I finally lost the sun with about a mile to go to the turn around. My lights were located there, in a drop bag, so I desparately scanned the horizon for a campfire light. Surely, it shouldn’t be that much further!
The last runner went by me about 5 minutes earlier. Was there truly no one else left behind me? Finally at Lone Tree, I sat down, and grabbed my lights and some hot food to eat. I know I was getting close to the cut off, so I didn’t linger around too long. I thanked the tired but friendly and still helpful volunteers and headed off into the darkness, again.
I decided against putting on my wind pants because I was passing so much water. I wonder now if it was the very different tasting sports drink, called Conquest, some locals had personally mixed and donated for this race, to be provided at the aid stations.. Anyway, I would later regret not having them on.
The weather started to change as I went back toward the aid station at Manfield Green. A pick up truck pulling a giant trailer pulled up besides me. It was one of the race directors, a really nice fellow, named Mr. Jim.
He let me know what I feared was true, that I was the last runner on the course and that everyone behind me had dropped. He also explained though, in the pitch black darkness, at 8 p.m, at night, on that dirt, country road in Kansas, that he would follow me in the rest of the way, all 45 plus miles, if necessary, to the finish.
His job was to be the sweeper and also pick up water and gatoraid containers as the aid stations closed behind me. Fair enough, I thought. The trick would be if I could keep at least a 10 minute per mile pace, the rest of the night.
The fact that I would have some company, gave me a lift. I picked up my pace back to Matfield Green at mile 57.4. Mr. Jim would pass me and then head up the road a little ways and stop. All I would see was his red taillights as I struggled to keep up.
There are some days when you try to run and you feel like you have no strength in your legs. Much to my dismay, it looks like I was having one of those bad days. I had felt this way, one time before, running the Chicago Marathon, after driving there for 2 days straight, with very little sleep. You still might be able to get away with it at marathon distance, but not on a 50 or 100 milers. No faking it here, Amigo! Your really need to be well trained and get your rest in before the big run.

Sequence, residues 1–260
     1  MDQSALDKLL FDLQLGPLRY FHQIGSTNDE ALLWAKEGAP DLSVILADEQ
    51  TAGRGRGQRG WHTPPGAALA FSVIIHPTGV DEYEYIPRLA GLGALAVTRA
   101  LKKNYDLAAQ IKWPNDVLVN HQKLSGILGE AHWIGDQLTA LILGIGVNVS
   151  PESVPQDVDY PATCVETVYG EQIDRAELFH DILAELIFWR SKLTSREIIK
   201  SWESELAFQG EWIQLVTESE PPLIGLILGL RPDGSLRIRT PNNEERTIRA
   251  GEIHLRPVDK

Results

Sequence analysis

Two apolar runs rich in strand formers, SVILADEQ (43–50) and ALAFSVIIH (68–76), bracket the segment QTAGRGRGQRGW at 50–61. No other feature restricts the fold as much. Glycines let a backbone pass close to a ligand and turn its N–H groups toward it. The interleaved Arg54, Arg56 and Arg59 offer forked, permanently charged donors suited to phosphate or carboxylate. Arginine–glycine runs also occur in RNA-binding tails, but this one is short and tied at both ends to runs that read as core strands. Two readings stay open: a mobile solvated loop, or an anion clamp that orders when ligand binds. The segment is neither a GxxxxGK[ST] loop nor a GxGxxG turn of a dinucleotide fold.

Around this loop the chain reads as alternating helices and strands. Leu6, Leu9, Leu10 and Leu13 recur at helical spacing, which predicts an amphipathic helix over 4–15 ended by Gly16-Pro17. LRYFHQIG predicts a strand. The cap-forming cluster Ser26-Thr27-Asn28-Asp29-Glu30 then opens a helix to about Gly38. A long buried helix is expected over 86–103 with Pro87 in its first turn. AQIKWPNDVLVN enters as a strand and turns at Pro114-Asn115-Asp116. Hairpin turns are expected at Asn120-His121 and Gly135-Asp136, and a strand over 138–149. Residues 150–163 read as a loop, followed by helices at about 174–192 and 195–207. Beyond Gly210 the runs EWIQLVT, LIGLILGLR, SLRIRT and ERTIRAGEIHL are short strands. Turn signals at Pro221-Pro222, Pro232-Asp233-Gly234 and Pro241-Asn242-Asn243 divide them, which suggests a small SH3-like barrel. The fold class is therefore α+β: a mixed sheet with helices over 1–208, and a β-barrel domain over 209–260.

After leaving Matfield Green at mile 57.4, I was feeling a little better, again, but knew my run was in a lot of trouble. As I made the turn to head back east a stiff cold wind started to hammer me. It was pitch black now, only the lights from headlamp and flashlight illuminating that small patch of trail ahead of me. A heavy cloud cover blanketed the sky, hiding any friendly stars and the moon.
It then started to sprinkle a bit. I regreted now leaving my wind pants at the 50 mile turn around. It really hit me like a ton of bricks then, this was the way it might be for the next 14 hours and 48 miles. T.O., you’re a long ways from home kemo sabe!
I kept hearing strange sounds in the dark., through the wind. I point my light in that direction and see nothing. May have been some coyotes. I was told later, occasionally they run in large packs at night to hunt together. I was not interested in finding out in person, so I just kept pushing on harder.
It’s a steady climb out of a valley to get to the next aid station at Ridge Line at mile 63.4. My quads were really trashed. Even the smaller hills were giving me problems at this point. How was I ever going to get over those huge rollers after Texaco Hill?
Negotiating those cattle guards was really becoming an adventure. I felt like I was being tested for drunk driving or something everytime I tried to do a balancing act to cross one of those things in the dark.
I really missed Miss Karen’s company. I wish now I would have recruited a pacer earlier. At least the race director, Mr. Jim was still out here with me.